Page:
Women of trans experience seemed more likely to take HIV pre-exposure prophylaxis pills (PrEP) if they knew that feminizing hormones didn’t reduce its effectiveness, according to a drug concentration study presented at the 11th International AIDS Society Conference on HIV Science (IAS 2021).
Previous studies have shown that transgender women can benefit from PrEP if they take it consistently. But some trans women are concerned that the prevention pills can interact with hormone therapy, making one or the other less effective.
Thirty-eight transgender women in Brazil who were enrolled in the PrEParadas trial agreed to be divided into two groups. In one, 14 women took tenofovir disoproxil fumarate/emtricitabine (TDF/FTC) PrEP for 12 weeks; in the other, 24 women took both PrEP pills and a standardized feminizing hormone regimen (estrogen in the form of estradiol valerate plus the testosterone blocker spironolactone). After the 12 weeks, all women began feminizing hormone regimens of their choice.
This pharmacokinetic (PK) study was conducted at the 12-week visit and then again between weeks 30 and 48. At PK study visits, women provided blood samples before taking TDF/FTC PrEP and then at 30 minutes, one hour, two hours, four hours, six hours, eight hours and 24 hours after dosing to assess concentrations of TDF/FTC.
During the study, none of the women acquired HIV. At week 12, nearly three out of four women (73%) had TDF/FTC levels consistent with taking four or more PrEP pills a week; 1 out of 10 (11%) had drug concentrations consistent with two to three doses a week and 16% had drug levels indicating fewer than two pills a week.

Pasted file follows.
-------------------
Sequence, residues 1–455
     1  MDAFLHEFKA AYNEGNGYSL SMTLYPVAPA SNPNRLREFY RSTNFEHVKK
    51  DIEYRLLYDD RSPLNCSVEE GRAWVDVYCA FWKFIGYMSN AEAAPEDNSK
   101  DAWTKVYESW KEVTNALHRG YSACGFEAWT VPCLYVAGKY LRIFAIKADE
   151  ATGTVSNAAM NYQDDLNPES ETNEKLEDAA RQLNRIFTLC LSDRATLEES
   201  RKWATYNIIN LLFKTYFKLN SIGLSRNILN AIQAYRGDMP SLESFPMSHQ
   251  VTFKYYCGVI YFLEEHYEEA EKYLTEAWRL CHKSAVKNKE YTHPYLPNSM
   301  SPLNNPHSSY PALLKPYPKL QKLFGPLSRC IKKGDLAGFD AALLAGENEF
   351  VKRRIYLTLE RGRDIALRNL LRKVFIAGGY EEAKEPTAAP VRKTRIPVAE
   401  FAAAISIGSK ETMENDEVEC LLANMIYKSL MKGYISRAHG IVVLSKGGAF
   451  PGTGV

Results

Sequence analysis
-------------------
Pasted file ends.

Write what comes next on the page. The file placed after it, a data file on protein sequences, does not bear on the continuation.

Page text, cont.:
But that was a combined number based on both groups. When researchers broke down the data by feminizing hormone use, the results favored women using both PrEP and hormones during the first 12 weeks. At week 12, 64% of women in the PrEP-only group had drug concentrations in keeping with four or more pills a week, compared with 79% of women in the PrEP plus hormone therapy group. This speaks to the question many trans women have been asking about the interaction between PrEP and hormones. This study, at least, suggests that feminizing hormones have no impact on effective drug levels of PrEP pills.
By the time the second PK measurements were taken, only 17 women were still on PrEP, but 93% of them had drug levels consistent with taking the pills four days a week or more.
“Our study suggests that oral PrEP is clinically effective among trans women with HIV risk on hormones,” said Vitoria Berg Cattani, MSc, a pharmacist at Instituto de Pesquisa Clinica Evandro Chagas in Rio de Janeiro. “And standardized and real-life [feminizing hormone treatment] do not significantly impact on tenofovir and emtricitabine exposure among trans women at risk in a long-term follow up [PK study].”
A second study by the same team looked at the effect of PrEP drugs on feminizing hormone levels. In this study, 33 women took TDF/FTC along with estradiol valerate and the testosterone blocker spironolactone. According to the study abstract, estradiol levels did not change significantly. Spironolactone levels decreased slightly but probably not enough to affect its effectiveness. “Our results reassure that oral PrEP and feminizing hormone therapy may be used concomitantly,” the researchers concluded.
Click here to read the first study abstract.
Click here to read the second study abstract.
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